Plugging in case fans is a problem for both PC builders and those that buy their computers off the shelf. It is not clear where the case fans can be plugged, and no one wants to take the risk of damaging their equipment by plugging the fans in the wrong slot.

There may be many reasons why you may want to plug in case fans to your PC. It could be that you are building a PC and want to ensure there is proper airflow in your unit. It could also be that your PC is suffering from thermal throttling and you want to provide it with that extra bit of cooling power.

If you are wondering where to plug in case fans, we here at DiamondLobby have put together this guide as a complete tutorial. We first take a look at all the areas where it is possible for you to plug in case fans. Then, we explore why you may want to have additional case fans on your desktop.

However, it is important to note that case fans are not the only solution to an overheating PC. It is entirely possible that even after installing additional fans, your PC’s performance does not significantly improve. Of course, there are other ways to reduce the heat generated by your PC, such as cleaning your graphics card.

As such, make sure that you do not spend more money than you have to by first asking yourself how many case fans you need.

The Two Places Where You Can Plug in Case Fans

As the heading suggests, there are two different places where you can plug in case fans. The first is the power supply, which is the simplest solution. However, it also has a few drawbacks. The second option is to plug the case fans into the motherboard. Let’s take a look at both options.

Plug in Case Fans on Your Power Supply

The most convenient method of plugging in your case fans is to attach them to the power supply. In order to do this, your motherboard will need to have Molex connectors. Molex connectors have four pins and can be used to provide power to additional peripherals in your build.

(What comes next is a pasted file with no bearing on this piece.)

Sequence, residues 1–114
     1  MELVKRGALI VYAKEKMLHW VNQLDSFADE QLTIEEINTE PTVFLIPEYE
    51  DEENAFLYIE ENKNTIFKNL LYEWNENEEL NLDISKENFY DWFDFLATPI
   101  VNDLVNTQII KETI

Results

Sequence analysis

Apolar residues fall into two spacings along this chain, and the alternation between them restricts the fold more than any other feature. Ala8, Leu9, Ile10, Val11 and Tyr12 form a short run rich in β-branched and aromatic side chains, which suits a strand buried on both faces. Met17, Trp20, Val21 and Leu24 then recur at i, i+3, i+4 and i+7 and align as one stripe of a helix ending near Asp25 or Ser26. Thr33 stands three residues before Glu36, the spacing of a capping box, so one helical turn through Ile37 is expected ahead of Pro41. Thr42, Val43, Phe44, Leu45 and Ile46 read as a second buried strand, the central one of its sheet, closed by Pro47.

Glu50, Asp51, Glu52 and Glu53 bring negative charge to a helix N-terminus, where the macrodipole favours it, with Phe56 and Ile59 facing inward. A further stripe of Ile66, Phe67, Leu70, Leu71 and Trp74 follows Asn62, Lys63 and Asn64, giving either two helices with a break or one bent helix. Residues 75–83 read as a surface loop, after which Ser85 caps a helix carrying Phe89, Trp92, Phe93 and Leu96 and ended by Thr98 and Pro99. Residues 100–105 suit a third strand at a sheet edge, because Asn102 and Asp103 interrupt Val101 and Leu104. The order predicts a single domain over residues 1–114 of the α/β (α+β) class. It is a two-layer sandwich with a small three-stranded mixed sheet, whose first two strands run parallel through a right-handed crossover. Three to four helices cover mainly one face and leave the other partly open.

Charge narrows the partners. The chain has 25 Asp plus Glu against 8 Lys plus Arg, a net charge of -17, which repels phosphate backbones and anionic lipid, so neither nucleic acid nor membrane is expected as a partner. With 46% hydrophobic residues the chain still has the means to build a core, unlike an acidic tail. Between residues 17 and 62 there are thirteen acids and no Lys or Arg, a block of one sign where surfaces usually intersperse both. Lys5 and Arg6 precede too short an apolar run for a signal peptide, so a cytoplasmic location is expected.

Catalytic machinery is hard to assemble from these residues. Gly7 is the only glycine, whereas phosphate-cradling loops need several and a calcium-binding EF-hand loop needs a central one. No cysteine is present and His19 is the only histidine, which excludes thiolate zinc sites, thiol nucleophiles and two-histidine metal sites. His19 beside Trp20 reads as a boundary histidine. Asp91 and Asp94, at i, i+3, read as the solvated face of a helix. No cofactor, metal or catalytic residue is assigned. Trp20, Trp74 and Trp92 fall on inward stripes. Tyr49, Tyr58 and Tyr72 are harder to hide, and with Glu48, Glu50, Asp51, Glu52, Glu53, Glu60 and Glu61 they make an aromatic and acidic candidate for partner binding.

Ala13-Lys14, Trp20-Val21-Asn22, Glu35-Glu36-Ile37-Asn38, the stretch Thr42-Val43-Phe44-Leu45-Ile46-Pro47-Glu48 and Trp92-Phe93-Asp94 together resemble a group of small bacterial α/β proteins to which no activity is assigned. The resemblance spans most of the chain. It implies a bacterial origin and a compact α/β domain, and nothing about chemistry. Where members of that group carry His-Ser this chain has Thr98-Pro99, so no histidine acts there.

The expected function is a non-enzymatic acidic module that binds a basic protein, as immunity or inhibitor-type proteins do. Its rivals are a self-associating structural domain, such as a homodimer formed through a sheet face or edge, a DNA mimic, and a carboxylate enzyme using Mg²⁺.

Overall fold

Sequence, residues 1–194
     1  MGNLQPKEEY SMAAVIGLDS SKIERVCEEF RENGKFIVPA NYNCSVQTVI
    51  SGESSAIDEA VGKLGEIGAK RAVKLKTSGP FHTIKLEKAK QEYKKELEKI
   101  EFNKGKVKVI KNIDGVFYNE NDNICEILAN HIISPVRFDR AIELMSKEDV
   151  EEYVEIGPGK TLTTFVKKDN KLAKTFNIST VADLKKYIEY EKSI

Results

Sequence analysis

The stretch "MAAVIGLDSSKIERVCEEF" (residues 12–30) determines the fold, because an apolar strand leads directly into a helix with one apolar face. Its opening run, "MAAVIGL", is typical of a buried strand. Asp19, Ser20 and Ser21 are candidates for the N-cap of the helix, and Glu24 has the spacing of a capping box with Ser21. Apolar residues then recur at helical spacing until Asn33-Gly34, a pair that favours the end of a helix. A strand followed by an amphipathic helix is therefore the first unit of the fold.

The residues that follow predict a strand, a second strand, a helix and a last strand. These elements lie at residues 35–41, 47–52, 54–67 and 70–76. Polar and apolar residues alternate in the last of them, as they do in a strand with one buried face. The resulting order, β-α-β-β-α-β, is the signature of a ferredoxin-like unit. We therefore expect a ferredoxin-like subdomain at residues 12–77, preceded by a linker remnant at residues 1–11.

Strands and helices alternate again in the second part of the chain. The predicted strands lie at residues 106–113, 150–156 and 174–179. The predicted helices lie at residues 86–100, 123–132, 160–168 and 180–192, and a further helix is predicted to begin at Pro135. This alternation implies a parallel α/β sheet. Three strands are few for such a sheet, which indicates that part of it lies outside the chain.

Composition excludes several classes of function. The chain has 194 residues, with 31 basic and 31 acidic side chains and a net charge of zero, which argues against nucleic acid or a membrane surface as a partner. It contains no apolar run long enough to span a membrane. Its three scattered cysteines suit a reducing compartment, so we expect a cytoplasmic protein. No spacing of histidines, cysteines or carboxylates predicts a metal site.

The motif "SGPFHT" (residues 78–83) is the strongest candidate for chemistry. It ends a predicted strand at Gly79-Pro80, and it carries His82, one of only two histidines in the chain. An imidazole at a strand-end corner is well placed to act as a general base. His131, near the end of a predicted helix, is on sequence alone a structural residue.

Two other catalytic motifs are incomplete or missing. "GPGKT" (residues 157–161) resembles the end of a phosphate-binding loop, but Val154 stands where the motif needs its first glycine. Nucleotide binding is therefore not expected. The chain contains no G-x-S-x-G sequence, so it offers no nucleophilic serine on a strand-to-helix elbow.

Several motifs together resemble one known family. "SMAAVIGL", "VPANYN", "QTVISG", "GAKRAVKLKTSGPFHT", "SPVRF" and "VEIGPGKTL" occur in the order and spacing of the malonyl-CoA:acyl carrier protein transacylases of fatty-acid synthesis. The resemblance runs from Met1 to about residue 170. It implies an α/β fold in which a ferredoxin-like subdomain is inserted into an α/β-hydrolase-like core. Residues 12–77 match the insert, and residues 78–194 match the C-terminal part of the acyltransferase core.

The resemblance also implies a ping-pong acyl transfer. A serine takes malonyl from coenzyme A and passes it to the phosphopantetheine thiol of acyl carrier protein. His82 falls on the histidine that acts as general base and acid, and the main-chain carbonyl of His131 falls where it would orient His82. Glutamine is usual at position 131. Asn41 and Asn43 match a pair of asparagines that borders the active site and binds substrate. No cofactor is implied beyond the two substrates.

However, you will also need 3-pin to Molex adapters for your fans. You will attach the fan to the adapter, and then connect the adapter to the Molex connectors on the PSU. Many fans come with these adapters in the box. In some cases, however, you may need to purchase the adapters separately.

Just remember that certain PSU models do not come with Molex connectors. If you have a modular PSU, then you should be able to attach Molex connectors to your PSU. If your PSU does not come with any Molex connectors, then you have no choice but to connect the fans to the motherboard.

It is also important to remember that when you attach your fans to the PSU directly, you will not be able to control their speed in any way. The fans will always run at full speed, which may lead to a lot of noise if you have more than 2 case fans in your build. Of course, if you do not see a reason to control the speed of your fans, then this should not be a problem.

Plug in Case Fans on Your Motherboard

The biggest advantage of plugging in case fans on your motherboard is the fact that you can easily control their speed. This can be done both through the BIOS and through specific applications that you can download.

In order to plug in your fans on your motherboard, you need to find the two fan headers. These will be labeled SYS_FAN (System Fan) and CHA_FAN (Chassis Fan). You may also be able to find other headers if you have a high-end motherboard that supports additional fans.

This is the drawback of installing fans on your motherboard. There is a limit on the number of fans you can plug in. Of course, you can plug in the additional fans on the power supply. Also, there are workarounds that can be used to plug in the additional fans directly on the motherboard.

However, the workarounds come with their own risks. There are multiple methods of installing case fans to motherboard, and you should pick the one that best suits you.

Why You Should Have Additional Case Fans

It can be difficult to recommend the exact number of case fans that you should have on your PC. This is because adding case fans to your build becomes redundant after a certain point. That said, there are certain scenarios where it would be beneficial for you to have more than the two case fans that are considered the standard for most PCs.

Here are a few instances when you should consider additional case fans:

  • You are going to overclock your PC. Overclocking almost always leads to higher temperatures, and it wouldn’t hurt having extra case fans to dissipate some of the heat.
  • You have a really high-end system that you plan to push to the limit. When components require more power, they also generate more heat. Having extra case fans is sometimes necessary unless you have a very capable cooling system.
  • You will be using your computer in a warm room.


In summation, you can plug in case fans on both the motherboard and the PSU. Both of them come with their own positives and negatives, and where you end up plugging them in is entirely up to you.

If you have trouble keeping your PC cool, there are a lot of measures that can help keep your PC cool when gaming.